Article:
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100-Year-Old Letters Revealed in Detroit Time Capsule

Aired January 1, 2001 - 4:45 p.m. ET

THIS IS A RUSH TRANSCRIPT. THIS COPY MAY NOT BE IN ITS FINAL FORM AND MAY BE UPDATED.

JOIE CHEN, CNN ANCHOR: Folks in Detroit are getting a glimpse of their city's past by reading some long-sealed letters. Now, those letters were not ones lost by the post office. They were part of a time capsule which was sealed on New Year's Eve 100 years ago. The capsule was unsealed yesterday as part of a celebration marking Detroit's 300th birthday.

Among the letters was one from Detroit's mayor at that time. He spoke of advances in communications that allowed telephone calls and telegraph messages to reach across the country. Imagine if he knew about the Internet. At the turn of the last century, stove-making was among Detroit's chief industries. The Ford Motor Company would not be founded for a couple more years.

And so we want to check in now with somebody who was part of the celebration opening that time capsule today. Mary Banks is communications director of the celebration, Detroit 300. And she joins us on the telephone line now.

Mary, can you tell us about some of the other letters that were in this time capsule?

MARY BANKS, COMM. DIRECTOR, DETROIT 300: Well, really, all we know about the time capsule -- up until last night, that is -- is that we had a collection of both letters and documents that really talked about the social life, the business life and of cultural life of the city of Detroit in 1901.

As you mentioned, we did have the text of Mayor Maybury's letter to his successor in 2001 because it had been published the day after the century box was sealed in 1901 -- 1900, actually. It was January 1, 1901 that the newspaper account quotes the letter. And so we had the text of that. But as far as the other letters, all we had were some sketchy titles and some of the authors of those letters.

And so we are going to be examining the contents of the box on Tuesday morning at the Detroit Historical Museum. They are going to be opened. And conservators will be there, as well as archivists. And it should be very exciting to read those letters.

CHEN: I bet. So you don't really know what kinds of other people -- maybe regular citizens -- were asked to write letters, anything like that? BANKS: Well, as a matter of fact, I can tell you that there were some general titles that were printed in these newspaper reports -- for example, James Scripps. You probably know that name as the person who founded the newspaper empire.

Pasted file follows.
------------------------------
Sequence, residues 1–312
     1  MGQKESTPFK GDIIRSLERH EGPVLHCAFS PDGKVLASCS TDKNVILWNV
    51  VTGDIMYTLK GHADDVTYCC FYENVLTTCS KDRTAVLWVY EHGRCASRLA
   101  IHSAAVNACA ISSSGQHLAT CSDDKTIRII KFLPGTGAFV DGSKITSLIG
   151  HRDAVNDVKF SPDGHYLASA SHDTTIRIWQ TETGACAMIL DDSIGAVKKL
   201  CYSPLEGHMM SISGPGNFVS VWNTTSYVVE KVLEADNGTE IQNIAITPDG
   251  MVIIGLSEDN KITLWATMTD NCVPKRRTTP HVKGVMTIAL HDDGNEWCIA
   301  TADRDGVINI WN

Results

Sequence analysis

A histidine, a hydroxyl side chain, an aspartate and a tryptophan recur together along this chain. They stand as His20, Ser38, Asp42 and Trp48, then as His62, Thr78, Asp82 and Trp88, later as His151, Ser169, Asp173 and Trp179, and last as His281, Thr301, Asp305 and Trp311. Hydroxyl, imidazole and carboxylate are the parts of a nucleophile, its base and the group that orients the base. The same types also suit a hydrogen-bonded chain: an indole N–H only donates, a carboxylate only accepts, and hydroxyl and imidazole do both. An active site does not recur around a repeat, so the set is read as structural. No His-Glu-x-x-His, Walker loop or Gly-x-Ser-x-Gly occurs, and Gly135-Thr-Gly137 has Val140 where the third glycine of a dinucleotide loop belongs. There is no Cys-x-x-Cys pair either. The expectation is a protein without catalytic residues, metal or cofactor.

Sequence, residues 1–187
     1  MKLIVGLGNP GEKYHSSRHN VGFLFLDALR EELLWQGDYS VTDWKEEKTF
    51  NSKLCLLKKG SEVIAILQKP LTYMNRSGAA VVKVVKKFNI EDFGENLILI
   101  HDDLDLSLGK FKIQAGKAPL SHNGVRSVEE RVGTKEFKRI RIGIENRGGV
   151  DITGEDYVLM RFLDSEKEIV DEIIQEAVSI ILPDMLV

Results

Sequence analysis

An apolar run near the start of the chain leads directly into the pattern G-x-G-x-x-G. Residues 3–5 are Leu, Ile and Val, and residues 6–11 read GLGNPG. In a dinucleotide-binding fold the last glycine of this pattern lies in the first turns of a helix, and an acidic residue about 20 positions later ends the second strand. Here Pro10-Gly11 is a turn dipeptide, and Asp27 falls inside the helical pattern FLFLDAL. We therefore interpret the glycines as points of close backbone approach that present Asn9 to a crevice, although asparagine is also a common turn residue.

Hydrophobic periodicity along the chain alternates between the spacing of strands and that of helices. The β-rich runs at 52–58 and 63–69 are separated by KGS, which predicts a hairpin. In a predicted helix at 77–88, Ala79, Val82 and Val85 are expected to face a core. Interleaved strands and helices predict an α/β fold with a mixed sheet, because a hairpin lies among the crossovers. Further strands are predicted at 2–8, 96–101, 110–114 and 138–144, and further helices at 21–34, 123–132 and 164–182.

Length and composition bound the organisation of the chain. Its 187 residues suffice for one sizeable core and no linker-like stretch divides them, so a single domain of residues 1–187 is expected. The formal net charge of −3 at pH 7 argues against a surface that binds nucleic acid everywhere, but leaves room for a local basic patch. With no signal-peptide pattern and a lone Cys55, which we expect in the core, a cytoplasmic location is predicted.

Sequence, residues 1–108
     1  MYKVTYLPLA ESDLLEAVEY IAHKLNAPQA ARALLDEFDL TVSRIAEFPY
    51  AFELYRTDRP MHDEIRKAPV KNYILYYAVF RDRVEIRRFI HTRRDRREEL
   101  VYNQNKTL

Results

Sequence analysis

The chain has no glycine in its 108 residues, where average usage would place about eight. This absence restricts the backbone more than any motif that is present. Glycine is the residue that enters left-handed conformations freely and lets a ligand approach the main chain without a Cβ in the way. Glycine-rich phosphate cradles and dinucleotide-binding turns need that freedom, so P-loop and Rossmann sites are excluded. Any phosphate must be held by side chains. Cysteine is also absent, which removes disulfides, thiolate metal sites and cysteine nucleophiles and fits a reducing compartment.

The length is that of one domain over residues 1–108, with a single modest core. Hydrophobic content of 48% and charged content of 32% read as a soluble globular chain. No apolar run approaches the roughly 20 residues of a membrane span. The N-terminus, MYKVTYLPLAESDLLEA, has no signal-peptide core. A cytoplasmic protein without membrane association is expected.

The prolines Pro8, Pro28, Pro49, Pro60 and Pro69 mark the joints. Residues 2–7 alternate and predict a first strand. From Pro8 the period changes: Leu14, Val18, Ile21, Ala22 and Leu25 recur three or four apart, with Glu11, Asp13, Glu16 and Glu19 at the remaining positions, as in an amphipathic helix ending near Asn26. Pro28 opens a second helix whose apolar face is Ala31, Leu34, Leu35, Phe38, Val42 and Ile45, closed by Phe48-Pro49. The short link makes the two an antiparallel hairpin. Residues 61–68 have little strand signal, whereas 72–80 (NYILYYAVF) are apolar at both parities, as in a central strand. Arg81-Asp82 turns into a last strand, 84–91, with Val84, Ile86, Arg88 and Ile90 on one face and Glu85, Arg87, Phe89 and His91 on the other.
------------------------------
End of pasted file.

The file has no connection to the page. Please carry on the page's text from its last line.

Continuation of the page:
CHEN: Scripps Howard.

BANKS: Wrote a letter entitled "Prophecy for Detroit as a Metropolis." Clarence Burton, who is our city historian, wrote about real-estate titles in Detroit: past, present and future.

Some of more interesting letters, though, were written by -- for example, a woman wrote about women's suffrage, retrospective and prophecy. One of her counterparts wrote about motherhood in the 19th century. We have letters about the arts, social organizations of the city, ethnic heritage, schools and education and so forth. But it really should be a kind of an exciting way to look at what Detroit was in 1901, and will give us some maybe sobering thoughts about what we're going to do in closing this tricentennial year with our own tricentennial time capsule in December 31 of 2001.

CHEN: Now, I have got to tell you, as kids, we probably all did this. We loaded up what we thought were little time capsules in shoe boxes and buried them in the ground. And they probably all deteriorated by now. But did you all know that this time capsule was put away? And was it put away for this particular date? Or did you just choose a date to open it?

BANKS: No, actually, we were very, very fortunate. This century box is a small copper box. It's very, very unassuming. It's about the size of a shoe box. All of these years, it has been in the vault of city treasurer's office in Detroit. Detroit has been blessed that we have had no floods, no major catastrophes in all of those years. So the box was safe and dry and was kept very well. So we have no doubt that the letters will be in excellent condition.

(CROSSTALK)

CHEN: Did they tell you to open it on this date, though?

BANKS: Yes. As a matter of fact, in his letter, Mayor Maybury asked that his successor open the box actually on New Year's Day. But, as you know, football has come into our lives. So...

(LAUGHTER)

BANKS: So we beat him by about an half-an-hour last night. But it is a beautifully written letter. It is almost like a -- the tone of a kindly uncle. It's both humbling and charming to read it. But he starts off by saying, "To his Honor, the mayor of Detroit in 2001, and the generation whose privilege and, I trust, pleasure it will be to read the content of this box, health and greetings."

And then he goes on, as you mentioned, to talk about what an amazing life they are living in 1900: that they travel by railroad and steam and power from Detroit to Chicago in less than eight hours. CHEN: But they didn't have football, Mary, so...

BANKS: No, they didn't have football.

(CROSSTALK)

CHEN: All right. But I'm sure they'll forgive you for that. Mary Banks, I'm sorry. We are going to have to leave it there, Mary Banks. Maybe we'll hear more later about what happens when they open up a little bit more of the contents of that time capsule in Detroit.

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